Rocks and Spellballs

Rocks in Belegarthian boffer games are coreless, head legal throwing weapons. These occupy an interesting niche in gameplay: most often they are used as short-ranged (3 meters or less) projectiles. Because they are fairly easy to dodge or deflect, the motion used to toss a rock is usually a rapid toss, which often originates from behind a shield and is typically innaccurate – a good tool for catching an unaware opponent with a lucky toss or for distracting a fighter as their lines engage.

In Belegarth and Dagorhir, rocks only cause injury when striking the head zone, and since they are being pitched quickly at players’ heads, they need to be very soft. In order to be effective projectiles, though, they need to be built with consideration for their weight, shape, and balance. The most common construction method for rocks is the stuffed-pouch method, but the carved opencell method is also valid.

Stuffed Pouch Rock Build

Materials Needed:

  • Stuffing (Some mix of opencell foam scrap, fabric scraps, pillow stuffing, yarn, etc)
  • Stretchy, weapons-cover grade fabric (trouser socks work)
  • Tough thread
The Pouch:

Check your system’s requirement for size and shape. Spherical rocks of 10cm diameter (about the size of a softball) should be considered a good minimum size. For your first rocks, you might want to start with an old sock (trouser or athletic) – properly packed, it will be about the size you’re looking for. For another good pouch, grab two matching 20x20cm squares of stretchable fabric, and sew a wide circle around, remembering to leave a 2cm-wide gap to shove in the stuffing.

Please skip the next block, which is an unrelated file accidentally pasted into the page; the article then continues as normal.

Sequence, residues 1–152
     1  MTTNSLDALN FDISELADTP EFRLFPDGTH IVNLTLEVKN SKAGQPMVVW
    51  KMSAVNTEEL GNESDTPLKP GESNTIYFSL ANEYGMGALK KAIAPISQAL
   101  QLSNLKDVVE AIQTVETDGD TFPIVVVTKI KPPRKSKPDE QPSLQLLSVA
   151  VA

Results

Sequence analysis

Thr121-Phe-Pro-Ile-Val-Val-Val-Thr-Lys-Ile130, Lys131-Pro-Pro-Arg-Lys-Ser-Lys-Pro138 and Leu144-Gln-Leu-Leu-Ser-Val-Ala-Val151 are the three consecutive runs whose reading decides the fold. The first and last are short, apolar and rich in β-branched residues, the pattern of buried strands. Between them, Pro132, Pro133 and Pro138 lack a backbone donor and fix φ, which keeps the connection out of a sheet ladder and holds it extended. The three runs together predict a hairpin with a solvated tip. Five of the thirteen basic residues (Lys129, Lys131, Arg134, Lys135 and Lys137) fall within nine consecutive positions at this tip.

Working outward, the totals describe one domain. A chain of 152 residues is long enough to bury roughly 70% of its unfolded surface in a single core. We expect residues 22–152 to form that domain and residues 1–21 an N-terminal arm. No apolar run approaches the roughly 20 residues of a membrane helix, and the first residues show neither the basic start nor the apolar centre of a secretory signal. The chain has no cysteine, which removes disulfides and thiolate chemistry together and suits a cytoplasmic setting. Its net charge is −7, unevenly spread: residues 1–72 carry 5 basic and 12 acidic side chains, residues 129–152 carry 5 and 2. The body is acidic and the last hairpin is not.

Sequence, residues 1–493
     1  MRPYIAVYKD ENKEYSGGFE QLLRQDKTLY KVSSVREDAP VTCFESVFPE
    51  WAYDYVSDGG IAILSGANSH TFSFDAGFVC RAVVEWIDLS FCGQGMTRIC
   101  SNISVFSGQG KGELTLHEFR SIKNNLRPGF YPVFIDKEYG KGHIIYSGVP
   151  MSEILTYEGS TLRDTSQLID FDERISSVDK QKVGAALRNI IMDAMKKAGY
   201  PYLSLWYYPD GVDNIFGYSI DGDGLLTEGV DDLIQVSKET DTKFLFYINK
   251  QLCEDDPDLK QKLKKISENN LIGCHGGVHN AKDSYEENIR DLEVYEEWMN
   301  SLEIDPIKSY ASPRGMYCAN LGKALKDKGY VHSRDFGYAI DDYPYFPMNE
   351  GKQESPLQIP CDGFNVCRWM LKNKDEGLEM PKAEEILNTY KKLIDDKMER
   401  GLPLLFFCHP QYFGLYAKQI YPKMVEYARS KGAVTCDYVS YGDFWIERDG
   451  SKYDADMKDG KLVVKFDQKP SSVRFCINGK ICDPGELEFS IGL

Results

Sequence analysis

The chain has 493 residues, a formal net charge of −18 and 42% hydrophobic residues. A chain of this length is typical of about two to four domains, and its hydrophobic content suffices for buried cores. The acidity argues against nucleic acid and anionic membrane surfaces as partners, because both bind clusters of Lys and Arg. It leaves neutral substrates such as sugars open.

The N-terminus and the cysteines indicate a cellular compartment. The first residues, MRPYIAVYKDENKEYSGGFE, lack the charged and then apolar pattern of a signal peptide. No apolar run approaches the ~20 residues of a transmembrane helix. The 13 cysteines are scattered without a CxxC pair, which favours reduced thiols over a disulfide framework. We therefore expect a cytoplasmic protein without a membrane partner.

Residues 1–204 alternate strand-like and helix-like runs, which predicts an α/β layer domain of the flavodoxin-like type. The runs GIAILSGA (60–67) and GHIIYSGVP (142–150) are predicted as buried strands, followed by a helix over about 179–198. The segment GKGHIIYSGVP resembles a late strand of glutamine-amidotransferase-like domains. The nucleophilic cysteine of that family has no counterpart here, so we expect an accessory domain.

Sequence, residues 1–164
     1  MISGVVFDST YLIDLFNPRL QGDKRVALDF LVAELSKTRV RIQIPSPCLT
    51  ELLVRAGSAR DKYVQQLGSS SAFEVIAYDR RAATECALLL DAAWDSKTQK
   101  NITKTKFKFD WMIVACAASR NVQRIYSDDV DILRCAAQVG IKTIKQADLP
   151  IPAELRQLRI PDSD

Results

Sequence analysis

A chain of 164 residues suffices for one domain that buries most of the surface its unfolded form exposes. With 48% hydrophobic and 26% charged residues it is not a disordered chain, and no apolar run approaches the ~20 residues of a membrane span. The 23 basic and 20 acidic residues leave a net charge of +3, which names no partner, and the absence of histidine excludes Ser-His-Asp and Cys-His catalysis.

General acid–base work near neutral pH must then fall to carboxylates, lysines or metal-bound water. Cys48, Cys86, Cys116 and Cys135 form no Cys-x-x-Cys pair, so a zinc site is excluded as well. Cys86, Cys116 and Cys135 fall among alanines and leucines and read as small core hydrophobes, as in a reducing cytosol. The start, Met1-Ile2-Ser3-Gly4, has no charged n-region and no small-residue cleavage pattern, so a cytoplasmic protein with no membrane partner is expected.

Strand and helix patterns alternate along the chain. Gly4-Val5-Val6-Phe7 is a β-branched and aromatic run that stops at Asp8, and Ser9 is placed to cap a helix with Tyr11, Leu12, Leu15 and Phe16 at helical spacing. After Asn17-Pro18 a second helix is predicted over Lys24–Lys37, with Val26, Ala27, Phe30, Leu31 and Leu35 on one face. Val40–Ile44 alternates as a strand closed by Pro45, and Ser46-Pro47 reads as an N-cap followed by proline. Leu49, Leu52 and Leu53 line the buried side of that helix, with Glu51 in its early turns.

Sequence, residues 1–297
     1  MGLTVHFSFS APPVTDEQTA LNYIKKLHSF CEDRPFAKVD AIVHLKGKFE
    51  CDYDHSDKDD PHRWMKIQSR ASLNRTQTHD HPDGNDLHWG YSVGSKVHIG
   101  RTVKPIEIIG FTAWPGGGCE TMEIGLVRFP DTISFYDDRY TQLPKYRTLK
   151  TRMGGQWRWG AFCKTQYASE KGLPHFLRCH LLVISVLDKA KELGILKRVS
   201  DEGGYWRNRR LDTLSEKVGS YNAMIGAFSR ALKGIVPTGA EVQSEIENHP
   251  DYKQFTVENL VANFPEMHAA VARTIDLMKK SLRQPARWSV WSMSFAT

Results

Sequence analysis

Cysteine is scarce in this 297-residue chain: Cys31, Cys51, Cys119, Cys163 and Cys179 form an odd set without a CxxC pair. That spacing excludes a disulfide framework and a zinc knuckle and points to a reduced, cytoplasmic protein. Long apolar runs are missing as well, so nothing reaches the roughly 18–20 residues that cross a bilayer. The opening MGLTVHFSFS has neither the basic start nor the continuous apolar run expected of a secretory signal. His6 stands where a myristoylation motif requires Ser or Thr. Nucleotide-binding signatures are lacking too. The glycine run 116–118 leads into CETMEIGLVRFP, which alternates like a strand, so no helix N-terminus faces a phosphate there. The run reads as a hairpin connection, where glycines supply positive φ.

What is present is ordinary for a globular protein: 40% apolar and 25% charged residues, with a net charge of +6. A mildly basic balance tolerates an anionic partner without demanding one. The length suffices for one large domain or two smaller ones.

Regardless of which method you choose, use really tough thread, or at least double or triple stitch the seam. In order to get a significant density, you will need to pack the stuffing in fairly tightly, which will put pressure on the seams. When the rock gets thrown, that will be even more pressure on the seams, so just save yourself the trouble and reinforce them well here.

Stuffing:

It’s tough to describe an optimal density, weight, and hardness for your rock. You should be looking for very soft, fluffy materials that are easy to compress.

Great stuffing materials:

  • 3cm cubes of opencell
  • Old t-shirts, sweatshirts, towels, or socks cut into 3cmx10cm strips
  • Handfuls of pillow stuffing (Old and lumpy is fine)
  • Bunches of loose (not knotted) yarn, cut into short lengths

Poor choices for stuffing materials:

  • Closed cell foam
  • Thumbtacks
  • Anything with glue or tape on it
  • Whole, uncut scraps of fabric
  • Fabric that doesn’t compress much, like bedsheet fabric
  • Billiard balls
How to Stuff the Rocks

Try to evenly distribute your stuffing as much as you can – your mission here is to combine your ingredients in such a way that the continuous shifting of the materials will not create large lumps. You can alternate a scrap of fabric and a piece of opencell. The smaller you cut all of your pieces, the smaller your lumps will be. Small lumps are better for balance and safety of your weapon.